Charge the ball!

 
We hear it all the time from youth baseball coaches, but what does this really mean for a professional player?

After 6 years of helping youth leagues around the Tampa, FL area with a training and development program, this is one aspect of the game that is consistently taught completely wrong. First, we have to understand that we are talking about a routine ground ball that is hit straight at the infielder. I see coaches teaching players to full out sprint STRAIGHT toward the baseball, followed by a “slam on the breaks” to try and catch it. In professional baseball, we call this colliding with the baseball.

There are several reasons why this is wrong, but we will just go over a couple of main points and explain them.

 

1. You will make more errors doing this.

You never want to go straight to the ball that is hit to you, instead you want to offset the ball to the side you are going to throw it to. The majority of throws are to the left of your body, so typically you offset each ball slightly to the left. This puts us in the proper fielding position and helps set us up for the throw. Another important aspect is that it helps us to pick hops. Offsetting slightly to the side allows us as infielders to see the hops better, making us better decision makers. This is a very important mechanic, and is something professionals practice ever single day. View the video below to get a better understanding of the proper footwork to a straight up ground ball, and what charging the ground ball really means for a professional.

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2. It is faster not to “collide” into the baseball.

The player might catch the ball closer to home, but other than that, the process is slower. A player colliding with the ground ball then has to slam on their breaks, stop their momentum, catch the ball, and then change their momentum to the base they are throwing to. This takes more time and causes more errors. Instead, you will hear the term “playing through the ground ball.” This means we slightly get to the side of the ball so that we have a continuous motion from catch, shuffle, to throw. A player cannot achieve this if they do not offset the ground ball.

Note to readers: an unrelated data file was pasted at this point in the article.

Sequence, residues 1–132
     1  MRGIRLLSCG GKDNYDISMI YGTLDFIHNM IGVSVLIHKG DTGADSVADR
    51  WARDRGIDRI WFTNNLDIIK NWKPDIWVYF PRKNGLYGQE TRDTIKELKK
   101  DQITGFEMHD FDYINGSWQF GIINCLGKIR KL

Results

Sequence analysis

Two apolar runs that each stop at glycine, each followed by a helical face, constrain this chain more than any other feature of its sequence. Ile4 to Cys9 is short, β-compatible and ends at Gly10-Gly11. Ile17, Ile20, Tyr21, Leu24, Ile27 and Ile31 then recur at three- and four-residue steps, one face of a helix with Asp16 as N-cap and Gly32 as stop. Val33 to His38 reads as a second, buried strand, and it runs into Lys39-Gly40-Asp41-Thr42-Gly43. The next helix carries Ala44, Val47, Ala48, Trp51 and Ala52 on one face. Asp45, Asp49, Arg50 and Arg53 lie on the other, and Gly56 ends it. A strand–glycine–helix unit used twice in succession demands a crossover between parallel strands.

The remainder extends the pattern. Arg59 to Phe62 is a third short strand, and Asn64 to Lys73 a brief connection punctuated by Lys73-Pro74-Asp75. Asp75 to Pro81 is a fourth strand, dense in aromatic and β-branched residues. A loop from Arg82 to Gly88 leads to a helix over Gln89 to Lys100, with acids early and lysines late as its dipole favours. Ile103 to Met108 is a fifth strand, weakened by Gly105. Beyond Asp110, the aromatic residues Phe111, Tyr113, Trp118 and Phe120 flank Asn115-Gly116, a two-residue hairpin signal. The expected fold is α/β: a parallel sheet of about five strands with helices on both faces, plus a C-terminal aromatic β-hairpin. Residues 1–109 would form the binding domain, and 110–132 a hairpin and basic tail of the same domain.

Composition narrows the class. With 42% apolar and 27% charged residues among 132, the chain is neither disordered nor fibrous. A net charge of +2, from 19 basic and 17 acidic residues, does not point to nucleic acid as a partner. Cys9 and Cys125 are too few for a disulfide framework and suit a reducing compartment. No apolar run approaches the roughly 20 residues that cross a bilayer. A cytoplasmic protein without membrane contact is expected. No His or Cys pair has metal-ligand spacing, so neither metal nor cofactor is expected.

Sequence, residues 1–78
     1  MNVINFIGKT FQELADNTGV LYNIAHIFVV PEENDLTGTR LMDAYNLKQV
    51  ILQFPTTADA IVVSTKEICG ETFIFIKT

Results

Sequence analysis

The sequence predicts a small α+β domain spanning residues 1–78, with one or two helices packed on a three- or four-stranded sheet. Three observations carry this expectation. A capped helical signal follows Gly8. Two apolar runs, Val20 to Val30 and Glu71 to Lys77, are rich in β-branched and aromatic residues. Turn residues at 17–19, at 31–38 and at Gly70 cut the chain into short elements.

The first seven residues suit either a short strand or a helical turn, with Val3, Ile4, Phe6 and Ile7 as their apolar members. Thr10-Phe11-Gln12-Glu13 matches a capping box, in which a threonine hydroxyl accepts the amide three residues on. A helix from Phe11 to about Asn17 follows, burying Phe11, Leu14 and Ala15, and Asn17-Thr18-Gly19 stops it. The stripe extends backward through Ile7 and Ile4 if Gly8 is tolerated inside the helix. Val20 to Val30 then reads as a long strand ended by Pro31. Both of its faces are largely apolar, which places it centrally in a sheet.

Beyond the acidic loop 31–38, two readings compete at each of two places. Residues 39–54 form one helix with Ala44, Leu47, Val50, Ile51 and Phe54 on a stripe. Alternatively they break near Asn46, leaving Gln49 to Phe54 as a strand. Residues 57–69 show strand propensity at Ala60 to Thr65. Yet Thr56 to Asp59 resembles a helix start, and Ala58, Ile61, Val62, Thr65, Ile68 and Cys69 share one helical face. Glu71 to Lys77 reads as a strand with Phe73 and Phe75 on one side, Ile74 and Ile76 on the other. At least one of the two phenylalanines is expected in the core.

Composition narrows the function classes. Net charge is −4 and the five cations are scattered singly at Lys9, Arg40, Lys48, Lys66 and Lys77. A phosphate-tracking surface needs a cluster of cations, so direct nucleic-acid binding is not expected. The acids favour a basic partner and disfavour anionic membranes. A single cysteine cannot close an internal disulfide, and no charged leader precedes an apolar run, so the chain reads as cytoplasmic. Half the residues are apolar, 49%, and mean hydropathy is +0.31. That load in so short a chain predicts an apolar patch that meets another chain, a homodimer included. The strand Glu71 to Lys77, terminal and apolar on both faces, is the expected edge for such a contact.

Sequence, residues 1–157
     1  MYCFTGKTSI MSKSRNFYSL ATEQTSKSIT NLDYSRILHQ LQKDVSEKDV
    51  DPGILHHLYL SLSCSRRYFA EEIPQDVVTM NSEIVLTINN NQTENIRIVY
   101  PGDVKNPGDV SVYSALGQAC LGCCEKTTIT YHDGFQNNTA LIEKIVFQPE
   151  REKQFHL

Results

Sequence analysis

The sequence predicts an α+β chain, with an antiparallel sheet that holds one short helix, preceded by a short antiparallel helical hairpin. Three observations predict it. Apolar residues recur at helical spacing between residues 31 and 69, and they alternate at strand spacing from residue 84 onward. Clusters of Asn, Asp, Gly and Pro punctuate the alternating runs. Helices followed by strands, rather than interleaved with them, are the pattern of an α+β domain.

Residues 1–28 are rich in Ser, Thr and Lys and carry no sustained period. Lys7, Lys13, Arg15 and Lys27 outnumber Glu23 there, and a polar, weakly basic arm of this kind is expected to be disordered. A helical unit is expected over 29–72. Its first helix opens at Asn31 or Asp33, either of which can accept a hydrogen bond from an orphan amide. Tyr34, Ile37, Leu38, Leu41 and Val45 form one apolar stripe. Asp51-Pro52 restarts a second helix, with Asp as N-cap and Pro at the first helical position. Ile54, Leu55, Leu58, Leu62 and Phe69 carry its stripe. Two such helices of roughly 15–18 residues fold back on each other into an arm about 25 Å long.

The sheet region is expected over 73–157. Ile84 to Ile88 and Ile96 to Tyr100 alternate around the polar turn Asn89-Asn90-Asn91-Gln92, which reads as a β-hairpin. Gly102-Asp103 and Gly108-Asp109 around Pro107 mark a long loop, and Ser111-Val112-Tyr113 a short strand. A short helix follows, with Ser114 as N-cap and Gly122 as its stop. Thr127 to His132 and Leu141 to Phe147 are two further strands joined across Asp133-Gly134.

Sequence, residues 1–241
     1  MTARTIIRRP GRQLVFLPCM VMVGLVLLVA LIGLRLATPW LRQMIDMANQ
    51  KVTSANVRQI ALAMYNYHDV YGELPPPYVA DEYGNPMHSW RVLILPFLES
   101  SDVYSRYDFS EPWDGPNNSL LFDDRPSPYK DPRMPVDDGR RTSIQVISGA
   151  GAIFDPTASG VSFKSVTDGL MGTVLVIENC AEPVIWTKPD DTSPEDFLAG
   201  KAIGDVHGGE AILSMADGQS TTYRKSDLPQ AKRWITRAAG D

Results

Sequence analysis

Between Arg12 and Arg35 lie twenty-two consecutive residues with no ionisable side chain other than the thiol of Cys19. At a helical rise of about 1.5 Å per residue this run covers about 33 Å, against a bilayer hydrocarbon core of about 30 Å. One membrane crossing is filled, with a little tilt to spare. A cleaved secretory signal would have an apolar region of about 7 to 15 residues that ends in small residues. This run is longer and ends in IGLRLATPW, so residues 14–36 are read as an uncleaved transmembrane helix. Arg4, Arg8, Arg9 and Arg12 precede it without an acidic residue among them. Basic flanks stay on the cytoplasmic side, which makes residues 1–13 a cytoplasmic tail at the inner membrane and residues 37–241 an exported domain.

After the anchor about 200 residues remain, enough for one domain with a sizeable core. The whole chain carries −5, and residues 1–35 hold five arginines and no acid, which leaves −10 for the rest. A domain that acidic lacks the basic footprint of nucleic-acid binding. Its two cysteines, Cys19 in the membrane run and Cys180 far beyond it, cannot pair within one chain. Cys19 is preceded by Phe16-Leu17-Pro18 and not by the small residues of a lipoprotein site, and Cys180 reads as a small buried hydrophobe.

In professional baseball there is a popular saying that helps to depict what you should do when fielding the ground ball.

“Quick-Slow-Quick.”

 
The initial move to the routine straight up ground ball is a quick positive move forward (Like youth coaches say: “Charge”). During this time we set up our body for the throw by offsetting it to the proper side. When the ball gets roughly 15 feet away, we start to slow our body down. This is the most important part, and is what a majority of youth players do wrong. Our feet help us slow down by making short and choppy movements, getting our body under control. For a right-handed thrower we would typically right-left field, and for a left-handed thrower we would typically left-right field. If you are unsure what this means- watch this video. After fielding the ground ball with constant motion, we speed up our feet again to make a throw.

So, how do you teach that?

It is difficult to teach a young individual how to “right-left field” just by telling them to do it. This drill is great because it makes them use proper footwork with the simple use of a barrier. Once you feel confident that your players can do the first drill properly, you can move to our more advanced drill that will help them understand what proper “short and choppy” feet feel like. This advanced drill also helps players to keep their feet and momentum continuously going from catch to throw.

The vast majority of plays require infielders to make a positive move to the ball. By teaching it the right way it will give players more success in generating more outs. After all, it is always fun being a good infielder.

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